‘It’s so validating’: The art of prospective promotion comes to MIFF

The four unmade film concepts selected for Campari's Posters to Production initiative.

Before Murray Enders thought of the words for his first screenplay, he saw its defining image – a tiny figure silhouetted on top of a cliff against a twilight sky.

The year was 2017 and the Snowy Mountains native had only just moved to Melbourne to pursue directing, with inspiration taking an unexpected form.

“When it comes to films, I’ll start with an idea, develop it into a treatment and start working with a writer,” he said.

“This one started with that image and all I wanted to know was who that was and why they were going off that cliff and whether it was intentional or not.”

Six years later, that image is adorning the ACMI’s Campari Cinema Lounge at this year’s Melbourne International Film Festival (MIFF) as part of the Italian brand’s Poster to Production initiative.

Enders’ Dive was one of four as yet unmade film concepts selected to have their posters displayed, joining Julian Curtis’ The Long Passeggiata, about surrogate Italian brides-to-be who venture to Australia in 1968 to marry men they’ve never known; Liubov Korpusova’s Marj’s Garden, in which a woman in her late 70s goes to great lengths to save her luscious garden from the effects of drought; and Lauren Burgueno’s Aysha, a documentary that follows the transformative journey of self-taught drag artist and queer trans woman Rian Difuntorum/Aysha Buffet.

Each of the graphics comes with a QR code where attendees can contribute to the crowdfunding campaigns of each project, while a portion of each Campari cocktail sold will also go towards the concepts.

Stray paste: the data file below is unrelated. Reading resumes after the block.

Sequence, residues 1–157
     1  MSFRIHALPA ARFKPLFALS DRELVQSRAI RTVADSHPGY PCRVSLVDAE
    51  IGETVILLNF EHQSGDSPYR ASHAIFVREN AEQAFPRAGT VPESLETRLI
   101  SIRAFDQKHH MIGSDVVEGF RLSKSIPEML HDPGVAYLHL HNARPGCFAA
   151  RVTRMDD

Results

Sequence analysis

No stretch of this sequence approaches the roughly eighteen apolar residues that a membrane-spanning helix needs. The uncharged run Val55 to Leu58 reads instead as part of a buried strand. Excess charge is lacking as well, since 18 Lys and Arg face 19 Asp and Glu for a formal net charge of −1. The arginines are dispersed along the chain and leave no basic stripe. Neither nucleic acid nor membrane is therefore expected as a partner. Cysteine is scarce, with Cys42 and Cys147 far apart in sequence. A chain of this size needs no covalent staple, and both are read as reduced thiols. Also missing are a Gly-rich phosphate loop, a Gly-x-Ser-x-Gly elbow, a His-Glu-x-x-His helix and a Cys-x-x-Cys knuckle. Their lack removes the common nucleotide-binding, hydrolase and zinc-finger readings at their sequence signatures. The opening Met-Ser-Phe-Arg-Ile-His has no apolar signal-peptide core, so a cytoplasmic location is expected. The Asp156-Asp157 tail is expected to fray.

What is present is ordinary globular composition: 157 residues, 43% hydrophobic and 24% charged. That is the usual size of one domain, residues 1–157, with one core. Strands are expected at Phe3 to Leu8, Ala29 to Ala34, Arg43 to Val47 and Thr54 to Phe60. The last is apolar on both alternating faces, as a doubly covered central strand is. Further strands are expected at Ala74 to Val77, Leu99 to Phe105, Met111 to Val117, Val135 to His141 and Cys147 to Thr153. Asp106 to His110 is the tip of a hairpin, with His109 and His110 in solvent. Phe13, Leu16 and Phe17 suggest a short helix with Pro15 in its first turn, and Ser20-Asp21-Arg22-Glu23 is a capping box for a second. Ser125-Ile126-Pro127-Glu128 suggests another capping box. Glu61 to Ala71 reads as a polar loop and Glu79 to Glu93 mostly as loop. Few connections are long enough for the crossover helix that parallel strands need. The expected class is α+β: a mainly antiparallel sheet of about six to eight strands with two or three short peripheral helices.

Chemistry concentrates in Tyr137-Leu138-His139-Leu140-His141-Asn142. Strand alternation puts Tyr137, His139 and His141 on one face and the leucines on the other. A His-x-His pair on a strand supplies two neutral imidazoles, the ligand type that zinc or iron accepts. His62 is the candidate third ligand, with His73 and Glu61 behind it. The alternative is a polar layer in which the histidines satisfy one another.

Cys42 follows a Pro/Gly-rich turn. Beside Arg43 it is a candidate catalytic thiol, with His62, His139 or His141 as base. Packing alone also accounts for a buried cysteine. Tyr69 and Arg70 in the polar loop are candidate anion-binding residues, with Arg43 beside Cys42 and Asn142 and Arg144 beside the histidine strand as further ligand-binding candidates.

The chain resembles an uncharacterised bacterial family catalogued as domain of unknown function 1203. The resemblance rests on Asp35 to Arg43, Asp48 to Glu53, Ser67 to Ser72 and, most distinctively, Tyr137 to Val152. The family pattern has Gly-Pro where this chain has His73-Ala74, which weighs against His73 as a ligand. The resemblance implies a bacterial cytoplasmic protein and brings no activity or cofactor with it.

Enders is hoping the funds will allow him to shoot a proof-of-concept next winter for his coming-of-age drama, which follows an introverted 18-year-old who learns to cliff dive in defiance of her mother’s wishes in order to reclaim her independence after accidentally falling from a cliff in a small coastal town along the Great Ocean Road.

Having “chipped away” at the screenplay for the past year with collaborator Sireesha Mani Krishna, whom he met at an AFTRS course, the filmmaker said having a “very clear visual idea” of the project led him to enter the competition, describing Dive‘s subsequent selection as “enormous”.

“It’s so validating to have this story that’s been stewing in my mind get people excited,” he said.

“When I went to the opening night, I met people who were like, ‘Oh, I saw the post and really liked the story’. [To have] that interest in the idea from the point where we are still working on the screenplay just lets us know that there is a market for it.

“That’s something that just feels so good after six years of being like, ‘I believe in this’.”

MIFF takes place until August 20. Find out more information on Posters to Production concepts here.